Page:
A retroflexed uterus has a posterior tilt that involves the uterine body but not the cervix. A uterus that is retroflexed or retroverted may be felt only through the rectal wall; some cannot be felt at all. A myoma of the uterus is a very common, benign tumor that feels firm and often irregular. There may be more than one. A myoma on the posterior surface of the uterus may be mistaken for a retrodisplaced uterus; one on the anterior surface may be mistaken for an anteverted uterus.


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C H A P T E R

15

The Anus, Rectum, and Prostate

Bladder

Peritoneal reflection

Valve of Houston

Rectum

Anorectal junction

Urethra

Prostate

Anal canal

THE HEALTH HISTORY Common or Concerning Symptoms ●

Change in bowel habits Blood in the stool ● Pain with defecation; rectal bleeding or tenderness ● Anal warts or fissures ● Weak stream of urine ● Burning with urination ●

259


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Ask about any change in bowel habits or problems with diarrhea or constipation. Is there any blood in the stool, or dark tarry stools?

Pencil-like stool or blood in stool in colon cancer; dark tarry stools in gastrointestinal bleeding

Any pain with defecation, or rectal bleeding or tenderness?

Hemorrhoids; proctitis from STDs

Any anal warts or fissures?

Human papillomavirus (HPV), condylomata lata in secondary syphilis; fissures in proctitis, Crohn’s disease

In men, is there difficulty starting the urine stream or holding back urine? Is the flow weak? What about frequent urination, especially at night? Or pain or burning when passing urine? Any blood in the urine or semen or pain with ejaculation? Is there frequent pain or stiffness in the lower back, hips, or upper thighs?

These symptoms suggest urethral obstruction as in benign prostatic hyperplasia (BPH) or prostate cancer, especially in men older than 70 years. The American Urological Association (AUA) Symptom Index helps quantify BPH severity (see Table 15-1, p. 267).

HEALTH PROMOTION AND COUNSELING Important Topics for Health Promotion and Counseling ●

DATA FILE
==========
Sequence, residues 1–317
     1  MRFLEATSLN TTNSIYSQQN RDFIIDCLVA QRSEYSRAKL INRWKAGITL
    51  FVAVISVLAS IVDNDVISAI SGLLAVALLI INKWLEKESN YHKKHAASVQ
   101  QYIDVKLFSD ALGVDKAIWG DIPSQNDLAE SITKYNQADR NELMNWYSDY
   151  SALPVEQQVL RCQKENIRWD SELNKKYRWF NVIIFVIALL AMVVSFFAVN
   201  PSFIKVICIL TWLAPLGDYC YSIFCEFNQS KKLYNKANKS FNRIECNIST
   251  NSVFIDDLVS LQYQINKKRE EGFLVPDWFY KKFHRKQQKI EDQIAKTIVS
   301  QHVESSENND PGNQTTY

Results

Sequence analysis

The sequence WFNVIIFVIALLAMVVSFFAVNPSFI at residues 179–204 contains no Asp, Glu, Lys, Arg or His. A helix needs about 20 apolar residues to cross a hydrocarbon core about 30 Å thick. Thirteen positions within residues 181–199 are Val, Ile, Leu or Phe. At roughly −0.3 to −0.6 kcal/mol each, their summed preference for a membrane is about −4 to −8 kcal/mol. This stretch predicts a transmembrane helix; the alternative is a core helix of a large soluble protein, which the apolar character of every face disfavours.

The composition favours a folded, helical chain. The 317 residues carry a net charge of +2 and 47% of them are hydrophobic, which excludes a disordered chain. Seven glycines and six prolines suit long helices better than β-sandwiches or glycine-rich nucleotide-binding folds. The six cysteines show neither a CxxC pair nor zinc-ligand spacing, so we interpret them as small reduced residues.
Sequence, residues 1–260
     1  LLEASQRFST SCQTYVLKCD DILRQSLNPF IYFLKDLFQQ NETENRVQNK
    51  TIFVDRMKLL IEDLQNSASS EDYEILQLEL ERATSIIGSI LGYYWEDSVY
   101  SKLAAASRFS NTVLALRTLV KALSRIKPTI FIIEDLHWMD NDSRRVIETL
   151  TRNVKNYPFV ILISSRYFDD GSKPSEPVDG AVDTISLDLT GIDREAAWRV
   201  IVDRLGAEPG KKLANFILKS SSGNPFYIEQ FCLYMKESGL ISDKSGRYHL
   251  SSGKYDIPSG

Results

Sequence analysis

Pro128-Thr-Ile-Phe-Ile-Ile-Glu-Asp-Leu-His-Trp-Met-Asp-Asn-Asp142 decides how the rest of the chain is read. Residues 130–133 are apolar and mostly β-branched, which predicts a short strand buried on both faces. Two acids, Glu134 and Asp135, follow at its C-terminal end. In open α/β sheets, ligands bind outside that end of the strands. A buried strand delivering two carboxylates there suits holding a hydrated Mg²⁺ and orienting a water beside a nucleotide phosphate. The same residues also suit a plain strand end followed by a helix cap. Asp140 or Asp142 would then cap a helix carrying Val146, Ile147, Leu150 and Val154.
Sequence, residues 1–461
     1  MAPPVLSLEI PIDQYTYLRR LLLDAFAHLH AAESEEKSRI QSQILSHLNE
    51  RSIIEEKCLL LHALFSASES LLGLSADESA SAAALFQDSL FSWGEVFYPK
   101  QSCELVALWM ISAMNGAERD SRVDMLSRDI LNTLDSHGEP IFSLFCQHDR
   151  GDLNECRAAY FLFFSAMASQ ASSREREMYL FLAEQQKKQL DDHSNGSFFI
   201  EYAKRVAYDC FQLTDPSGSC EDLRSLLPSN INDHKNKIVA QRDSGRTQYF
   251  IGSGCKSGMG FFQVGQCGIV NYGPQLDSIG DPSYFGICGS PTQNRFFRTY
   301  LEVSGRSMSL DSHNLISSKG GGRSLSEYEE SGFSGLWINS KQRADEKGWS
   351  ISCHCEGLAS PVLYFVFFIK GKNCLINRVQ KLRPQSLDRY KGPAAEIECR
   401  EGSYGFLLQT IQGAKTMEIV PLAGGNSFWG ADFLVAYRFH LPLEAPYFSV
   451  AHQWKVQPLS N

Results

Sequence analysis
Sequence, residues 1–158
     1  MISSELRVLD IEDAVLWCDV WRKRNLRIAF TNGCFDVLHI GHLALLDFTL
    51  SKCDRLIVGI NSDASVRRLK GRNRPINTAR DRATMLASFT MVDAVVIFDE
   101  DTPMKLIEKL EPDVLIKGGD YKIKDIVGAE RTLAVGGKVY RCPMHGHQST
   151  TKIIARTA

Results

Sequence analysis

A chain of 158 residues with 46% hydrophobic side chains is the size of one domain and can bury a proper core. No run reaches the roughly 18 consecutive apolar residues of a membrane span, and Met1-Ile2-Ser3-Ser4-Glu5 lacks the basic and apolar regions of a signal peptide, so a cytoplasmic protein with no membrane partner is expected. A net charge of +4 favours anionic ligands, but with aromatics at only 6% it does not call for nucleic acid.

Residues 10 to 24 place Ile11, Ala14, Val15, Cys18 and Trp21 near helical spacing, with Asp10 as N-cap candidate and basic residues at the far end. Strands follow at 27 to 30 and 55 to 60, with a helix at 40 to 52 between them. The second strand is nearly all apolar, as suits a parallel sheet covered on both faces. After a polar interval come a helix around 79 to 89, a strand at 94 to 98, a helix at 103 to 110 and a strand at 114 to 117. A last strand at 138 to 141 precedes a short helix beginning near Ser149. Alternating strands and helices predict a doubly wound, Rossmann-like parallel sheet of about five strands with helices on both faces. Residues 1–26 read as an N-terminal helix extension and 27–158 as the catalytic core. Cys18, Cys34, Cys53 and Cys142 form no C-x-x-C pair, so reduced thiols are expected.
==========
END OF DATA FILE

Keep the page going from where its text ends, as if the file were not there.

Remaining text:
Screening for prostate cancer Screening for polyps and colorectal cancer ● Counseling for STDs ●

Prostate Cancer. Prostate cancer is the leading cancer diagnosed in men in the United States and the third leading cause of death in men. Risk factors are age, family history of prostate cancer, and African-American ethnicity.


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261

Screening methods such as the digital rectal examination (DRE) and the prostate-specific antigen (PSA) test are not highly accurate, which complicates decisions about screening of patients without symptoms. The DRE reaches only the posterior and lateral surfaces of the prostate, missing 25% to 35% of tumors in other areas. Sensitivity of the DRE for prostate cancer is low, ranging from 20% to 68%, and the rate of false positives is high. Recommendations about an annual DRE vary. The benefits of PSA testing are also unclear. The PSA can be elevated in benign conditions like hyperplasia and prostatitis, and its detection rate for prostate cancer is low, about 28% to 35% in asymptomatic men. Several groups recommend annual combined screening with PSA and DRE for men older than 50 years and for African-Americans and men older than 40 years with a positive family history. Some experts now recommend baseline PSA testing at age 40, reducing the threshold for biopsy from 4.0 ng/ml to 2.5 ng/ml, and tracking PSA velocity, or the rate of rise in 1 year. For men with symptoms of prostate disorders, the clinician’s role is more straightforward. Men with incomplete emptying of the bladder, urinary frequency or urgency, weak or intermittent stream or straining to initiate flow, hematuria, nocturia, or even bony pains in the pelvis should be encouraged to seek evaluation and treatment early. Colorectal Cancer (CRC). Screening recommendations have recently been revised to promote more aggressive surveillance by clinicians: ●

Clinicians should first identify whether patients are at average or increased risk for CRC, ideally by approximately age 20 years, but earlier if the patient has a family history of familial adenomatous polyposis.